The O stars, being relatively young stars, are associated with the interstellar clouds of gas and dust in which star formation occurs. Together with the hotter B stars, they for OB Associations, which show that high-mass stars tend to form in groups rather than in isolation. Most O and B stars form in binary systems, many with components of similar mass. The more massive star of the binary evolves fastest and is likely to explode as a supernova, which can release its companion form orbit at high velocity. It is estimated that as many as 20 percent of the O stars are such runaways.

As with the hotter B stars, the higher luminosity of the O stars drive a high rate of mass loss via a stellar wind –from two millionths to 20 millionths of a solar mass per year in the O stars. Summed over all of the O stars in the galaxy, this can account for one-third of the gas being returned to space from stars (Red Giants and Planetary Nebula account for the rest.)

The high rate of mass loss from O stars has another effect of galactic significance If a binary system consisting of two O or B stars survives intact, the supernova explosions of one of its components, then the result can be a Neutron star orbiting through the stellar wind form the unevloved star. The gas falling onto the neutron star emits energetic x-rays. Although such systems are very rare -- probably only fifty in the entire galaxy – they account for a substantial fraction of the hard x-ray sources in the galaxy.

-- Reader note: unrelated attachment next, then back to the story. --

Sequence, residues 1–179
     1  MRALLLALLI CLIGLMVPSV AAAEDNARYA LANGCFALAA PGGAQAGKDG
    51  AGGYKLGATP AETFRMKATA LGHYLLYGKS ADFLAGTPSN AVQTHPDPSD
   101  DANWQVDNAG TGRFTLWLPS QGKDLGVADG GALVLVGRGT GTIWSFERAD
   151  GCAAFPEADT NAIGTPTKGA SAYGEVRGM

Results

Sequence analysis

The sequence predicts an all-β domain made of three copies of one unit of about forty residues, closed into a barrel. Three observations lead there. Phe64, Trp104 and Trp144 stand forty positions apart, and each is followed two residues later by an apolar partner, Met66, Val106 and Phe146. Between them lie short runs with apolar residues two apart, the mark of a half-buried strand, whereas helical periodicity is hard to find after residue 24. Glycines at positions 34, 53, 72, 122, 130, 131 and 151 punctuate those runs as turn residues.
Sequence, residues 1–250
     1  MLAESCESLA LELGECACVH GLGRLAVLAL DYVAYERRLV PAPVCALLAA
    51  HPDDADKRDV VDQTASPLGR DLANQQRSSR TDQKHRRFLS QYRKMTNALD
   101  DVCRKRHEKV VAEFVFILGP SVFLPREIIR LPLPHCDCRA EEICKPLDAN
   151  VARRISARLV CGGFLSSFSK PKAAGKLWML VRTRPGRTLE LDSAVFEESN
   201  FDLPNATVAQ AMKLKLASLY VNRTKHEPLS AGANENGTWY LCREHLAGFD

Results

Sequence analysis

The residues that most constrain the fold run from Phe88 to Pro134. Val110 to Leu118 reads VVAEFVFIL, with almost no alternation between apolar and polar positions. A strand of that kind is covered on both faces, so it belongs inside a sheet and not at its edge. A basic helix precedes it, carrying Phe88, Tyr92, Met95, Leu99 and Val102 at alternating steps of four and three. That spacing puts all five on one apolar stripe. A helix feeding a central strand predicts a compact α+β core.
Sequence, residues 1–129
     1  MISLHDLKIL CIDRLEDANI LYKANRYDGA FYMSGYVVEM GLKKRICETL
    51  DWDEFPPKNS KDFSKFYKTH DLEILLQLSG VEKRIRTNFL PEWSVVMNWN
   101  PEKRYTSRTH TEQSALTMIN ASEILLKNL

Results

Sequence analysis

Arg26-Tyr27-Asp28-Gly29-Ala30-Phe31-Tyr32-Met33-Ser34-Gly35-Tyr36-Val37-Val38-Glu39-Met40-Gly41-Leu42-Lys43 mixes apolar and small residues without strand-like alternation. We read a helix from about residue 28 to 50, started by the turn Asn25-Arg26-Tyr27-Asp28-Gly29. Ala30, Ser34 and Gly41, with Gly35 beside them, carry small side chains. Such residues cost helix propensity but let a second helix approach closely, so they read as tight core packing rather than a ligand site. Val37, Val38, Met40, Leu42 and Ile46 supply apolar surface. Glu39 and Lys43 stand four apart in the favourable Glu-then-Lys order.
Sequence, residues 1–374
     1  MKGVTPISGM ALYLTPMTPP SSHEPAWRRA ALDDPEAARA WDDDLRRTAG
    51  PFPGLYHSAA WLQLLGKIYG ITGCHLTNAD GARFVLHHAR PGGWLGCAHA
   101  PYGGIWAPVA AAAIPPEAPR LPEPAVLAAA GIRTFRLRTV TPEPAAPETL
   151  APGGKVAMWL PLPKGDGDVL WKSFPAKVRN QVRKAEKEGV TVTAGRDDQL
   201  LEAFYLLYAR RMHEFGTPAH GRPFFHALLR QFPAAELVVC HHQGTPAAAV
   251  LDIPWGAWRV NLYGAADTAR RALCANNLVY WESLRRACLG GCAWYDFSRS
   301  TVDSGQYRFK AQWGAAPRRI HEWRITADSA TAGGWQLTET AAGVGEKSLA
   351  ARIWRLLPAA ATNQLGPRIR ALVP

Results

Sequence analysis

Rotation among O stars is similar to that found in B stars – they are rapid rotators and the fastest possess circumstellar disks, which produce emission line spectra leading to the Oe classification. These stars also have the highest rates of mass loss. Some of the Oe stars have, in addition to hydrogen and helium emission, strong emission lines from doubly ionized nitrogen. These are given the classification of Of and probably represent O stars that were once very massive (greater than 50 solar masses) which, like the Wolf-Rayet stars, have been stripped of the outer layers to reveal a nitrogen rich interior. About 15 percent of O and early B stars show emission lines.

O class main sequence stars or Blue Supergiants are the largest, the hottest, the rarest and the shortest lived stars.
They emit much of their radiation beyond the blue end of the spectrum in ultraviolet.

O Stars: Variability/Peculiarity

There are no large amplitude pulsating variables among the O stars, but most very in brightness by a few percent over months or years. There is also evidence of small changes from night to night in some stars.